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Tag Archives: automobile

  • Repair Manuals Will Save Your Project

    If you plan on doing any type of serious work on your car or even just basic maintenance its a good idea to to buy a vehicle specific repair manual.  Depending on the car you drive it may be harder to find the exact manual, but for the most part a simple internet search will help you find the correct one for your car.  If you think buying one of these is not necessary you should probably reconsider.  The companies that produce these manuals have already done all the hard work for you.  These manuals usually have step by step instructions on how to take apart and reassemble every part of your vehicle, some even will show a full engine break down.

    Nova Manual

    Going in to a project blind can be fun because we all want to figure everything out for ourselves and not have any help along the way.  What happens if you hit a wall in the middle or forget how something goes back together? In this situation you only have a few options, even searching the internet may not help because you may already be over your head.

    engine

    Having a repair manual will allow you to go into a project without any unknowns, some will even give tips on the exact way to remove the part so you don't break it.  I know first hand that my car would not be running today without the help of a repair manual.  If your vehicle requires special tools, a manual will not only tell you what tool you will need, but also give a part number which will make locating one easier.

    suspension

    Check out the Eastwood Blog and Tech Archive for more How-To's, Tips and Tricks to help you with all your automotive projects.  If you have a recommendation for future articles or have a project you want explained don't hesitate to leave a comment.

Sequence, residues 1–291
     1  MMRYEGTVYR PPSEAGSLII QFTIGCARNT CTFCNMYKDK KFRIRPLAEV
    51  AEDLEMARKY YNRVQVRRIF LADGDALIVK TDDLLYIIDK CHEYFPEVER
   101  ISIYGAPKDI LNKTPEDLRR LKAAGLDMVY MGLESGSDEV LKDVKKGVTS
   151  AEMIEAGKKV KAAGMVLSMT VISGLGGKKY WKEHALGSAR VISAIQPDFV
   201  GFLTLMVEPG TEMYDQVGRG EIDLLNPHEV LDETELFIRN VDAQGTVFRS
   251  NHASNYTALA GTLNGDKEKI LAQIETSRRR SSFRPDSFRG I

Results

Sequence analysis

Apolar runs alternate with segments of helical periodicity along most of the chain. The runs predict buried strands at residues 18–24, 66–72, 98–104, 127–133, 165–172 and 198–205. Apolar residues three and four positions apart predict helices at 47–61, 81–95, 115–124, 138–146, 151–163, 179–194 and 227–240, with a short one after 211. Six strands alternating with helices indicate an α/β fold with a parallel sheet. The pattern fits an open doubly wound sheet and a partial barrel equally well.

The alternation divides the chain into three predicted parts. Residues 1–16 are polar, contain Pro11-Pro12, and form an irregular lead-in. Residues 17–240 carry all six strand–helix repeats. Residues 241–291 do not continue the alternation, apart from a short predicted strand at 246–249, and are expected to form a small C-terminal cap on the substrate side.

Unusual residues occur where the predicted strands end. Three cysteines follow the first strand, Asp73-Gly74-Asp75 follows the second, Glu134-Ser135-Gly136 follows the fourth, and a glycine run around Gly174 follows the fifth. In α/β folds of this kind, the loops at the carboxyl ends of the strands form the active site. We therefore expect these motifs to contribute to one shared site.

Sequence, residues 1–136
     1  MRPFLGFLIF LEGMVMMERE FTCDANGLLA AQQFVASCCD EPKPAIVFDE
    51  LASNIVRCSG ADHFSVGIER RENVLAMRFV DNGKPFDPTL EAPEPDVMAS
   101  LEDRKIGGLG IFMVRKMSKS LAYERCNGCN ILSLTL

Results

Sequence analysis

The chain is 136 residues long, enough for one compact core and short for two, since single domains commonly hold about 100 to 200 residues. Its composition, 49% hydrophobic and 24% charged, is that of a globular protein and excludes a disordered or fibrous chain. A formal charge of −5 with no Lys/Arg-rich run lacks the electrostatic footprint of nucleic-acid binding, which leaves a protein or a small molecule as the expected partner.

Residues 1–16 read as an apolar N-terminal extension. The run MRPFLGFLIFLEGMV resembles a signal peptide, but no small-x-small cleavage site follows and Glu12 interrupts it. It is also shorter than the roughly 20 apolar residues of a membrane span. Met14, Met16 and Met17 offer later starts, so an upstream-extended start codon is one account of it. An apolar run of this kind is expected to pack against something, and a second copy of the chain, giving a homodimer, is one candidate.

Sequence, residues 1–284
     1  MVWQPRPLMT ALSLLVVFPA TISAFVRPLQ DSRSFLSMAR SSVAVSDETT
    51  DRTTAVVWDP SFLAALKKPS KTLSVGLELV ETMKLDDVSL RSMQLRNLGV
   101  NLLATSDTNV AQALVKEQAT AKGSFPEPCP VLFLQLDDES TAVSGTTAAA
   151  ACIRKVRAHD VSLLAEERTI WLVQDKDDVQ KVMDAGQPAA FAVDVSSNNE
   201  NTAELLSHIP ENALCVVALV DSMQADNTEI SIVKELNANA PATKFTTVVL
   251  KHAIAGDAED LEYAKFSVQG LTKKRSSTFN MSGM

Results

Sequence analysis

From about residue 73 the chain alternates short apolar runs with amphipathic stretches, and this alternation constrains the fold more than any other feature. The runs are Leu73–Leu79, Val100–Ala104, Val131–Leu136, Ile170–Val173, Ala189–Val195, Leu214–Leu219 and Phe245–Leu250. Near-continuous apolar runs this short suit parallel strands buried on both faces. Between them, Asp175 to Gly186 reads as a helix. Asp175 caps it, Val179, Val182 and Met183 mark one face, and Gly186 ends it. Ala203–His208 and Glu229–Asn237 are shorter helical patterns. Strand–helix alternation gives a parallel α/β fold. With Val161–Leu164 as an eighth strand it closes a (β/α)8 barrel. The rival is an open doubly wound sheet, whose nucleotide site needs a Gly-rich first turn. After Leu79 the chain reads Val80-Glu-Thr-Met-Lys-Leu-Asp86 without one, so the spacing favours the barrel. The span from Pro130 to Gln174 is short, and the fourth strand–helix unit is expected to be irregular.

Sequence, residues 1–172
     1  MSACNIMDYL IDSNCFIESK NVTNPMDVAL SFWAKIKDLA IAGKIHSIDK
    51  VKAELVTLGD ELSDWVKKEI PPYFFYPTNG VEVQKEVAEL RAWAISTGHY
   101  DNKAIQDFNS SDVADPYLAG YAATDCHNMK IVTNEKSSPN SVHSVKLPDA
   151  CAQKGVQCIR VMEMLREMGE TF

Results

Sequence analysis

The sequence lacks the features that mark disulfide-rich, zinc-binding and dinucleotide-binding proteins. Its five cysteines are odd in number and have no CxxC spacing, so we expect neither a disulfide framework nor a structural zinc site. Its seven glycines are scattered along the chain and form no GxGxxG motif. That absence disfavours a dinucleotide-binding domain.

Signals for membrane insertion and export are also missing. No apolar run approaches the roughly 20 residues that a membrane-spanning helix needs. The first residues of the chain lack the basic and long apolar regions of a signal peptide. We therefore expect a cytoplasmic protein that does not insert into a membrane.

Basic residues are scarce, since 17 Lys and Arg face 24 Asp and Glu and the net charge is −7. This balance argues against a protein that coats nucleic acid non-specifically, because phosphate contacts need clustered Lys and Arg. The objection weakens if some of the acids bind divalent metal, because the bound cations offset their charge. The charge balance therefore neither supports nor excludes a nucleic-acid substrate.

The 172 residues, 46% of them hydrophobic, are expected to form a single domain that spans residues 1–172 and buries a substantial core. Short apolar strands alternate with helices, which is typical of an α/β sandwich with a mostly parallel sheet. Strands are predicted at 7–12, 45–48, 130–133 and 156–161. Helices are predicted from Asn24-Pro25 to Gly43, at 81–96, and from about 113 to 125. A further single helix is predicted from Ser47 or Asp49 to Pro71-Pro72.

- James R/EW

  • How Air Compressors Work

    The concept behind the air compressor is a simple one and easily understandable to anyone who is into old cars and such. The reason the pump on the top of your compressor looks like a simplified motorcycle engine is because it basically is. The vast majority of compressors, from the tiny 12v tire inflator you stash in your trunk to the big 80 gallon shop unit, basically compress air with an air cooled piston engine. In fact, there are kits to turn air cooled VW bug motors into gas powered air compressors that could be mounted in the bed of a truck; two cylinders power it and two compress the air.

    img-y

    When the electric motor kicks in, the piston is drawn down the stroke of the cylinder. A simple spring-loaded one way valve opens allowing clean atmospheric air in, usually sucking thru some kind of air filter to keep out dirt and dust just like your car. The piston then moves up, compressing the air, and a 2nd valve opens to let the now pressurize air into the tank, or out into your tire in the case of a tire inflator or the one outside at the gas station. When a gauge signals that the tank has the correct pressure, the motor stops.